Hans H. Landsberg and Sam H. Schurr: Reflections and Appreciation
The Energy Journal, 2003, vol. Volume24, issue Number 4, 1-16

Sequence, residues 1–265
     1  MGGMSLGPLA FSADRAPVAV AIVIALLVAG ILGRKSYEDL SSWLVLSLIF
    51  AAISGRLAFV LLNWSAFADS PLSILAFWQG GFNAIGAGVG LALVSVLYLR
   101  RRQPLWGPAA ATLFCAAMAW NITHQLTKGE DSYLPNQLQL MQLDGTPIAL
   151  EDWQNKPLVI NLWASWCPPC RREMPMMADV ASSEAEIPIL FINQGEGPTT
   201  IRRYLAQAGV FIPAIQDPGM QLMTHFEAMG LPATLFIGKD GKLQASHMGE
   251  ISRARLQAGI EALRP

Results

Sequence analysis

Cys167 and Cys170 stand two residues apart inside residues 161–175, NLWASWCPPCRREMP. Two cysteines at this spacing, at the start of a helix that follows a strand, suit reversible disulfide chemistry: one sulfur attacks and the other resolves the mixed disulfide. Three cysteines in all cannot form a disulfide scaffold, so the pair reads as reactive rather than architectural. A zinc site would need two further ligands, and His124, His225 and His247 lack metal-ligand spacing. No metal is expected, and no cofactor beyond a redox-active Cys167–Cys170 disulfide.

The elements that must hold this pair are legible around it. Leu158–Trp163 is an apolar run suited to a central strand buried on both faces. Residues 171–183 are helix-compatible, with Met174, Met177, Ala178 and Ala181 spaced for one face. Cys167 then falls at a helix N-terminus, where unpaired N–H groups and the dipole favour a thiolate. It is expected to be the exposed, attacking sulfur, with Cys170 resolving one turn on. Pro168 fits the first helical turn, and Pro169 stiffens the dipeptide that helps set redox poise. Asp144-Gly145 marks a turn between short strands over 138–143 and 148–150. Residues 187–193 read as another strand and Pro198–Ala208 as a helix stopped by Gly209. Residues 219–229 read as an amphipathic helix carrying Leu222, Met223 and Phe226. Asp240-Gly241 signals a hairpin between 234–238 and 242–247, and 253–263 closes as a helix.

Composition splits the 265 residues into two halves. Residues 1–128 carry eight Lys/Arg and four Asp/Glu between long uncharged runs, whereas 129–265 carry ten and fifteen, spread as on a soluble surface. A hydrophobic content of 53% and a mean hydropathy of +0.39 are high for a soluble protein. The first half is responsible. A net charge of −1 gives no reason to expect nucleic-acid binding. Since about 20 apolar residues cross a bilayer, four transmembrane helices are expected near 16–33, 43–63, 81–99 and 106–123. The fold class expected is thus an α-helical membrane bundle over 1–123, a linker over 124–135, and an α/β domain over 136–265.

With some notable exceptions see the accompanying biographies the career paths of Hans Landsberg and Sam Schurr diverged in some significant ways, as I ll note momentarily. (Never mind the personality angle: Hans, the raconteur, with an extraverted side; Sam, more low key and reserved.) Even so, we deem it fitting to commemorate their careers and professional contributions jointly in this dedicated issue of the Journal. There is, of course, the fact that Hans and Sam s life spans both lived well into their eighties were almost entirely overlapping, their deaths just a few months apart. There is also the fact that both found themselves (though by utterly different odysseys) out of work in New York City in the latter part of the 1930s: the Great Depression wasn't always that much kinder to America's unemployed than to its immigrant community. (Hans had not long before experienced a harrowing exposure to and escape from Nazism.) In any case, both managed independently to attract the attention of senior researchers at the National Bureau of Economic Research, then housed at Columbia University and headed by Arthur Burns. This contact led to gainful employment, lasting until close to the outbreak of World War II when again through sheer coincidence each was recruited for wartime duty by the OSS.
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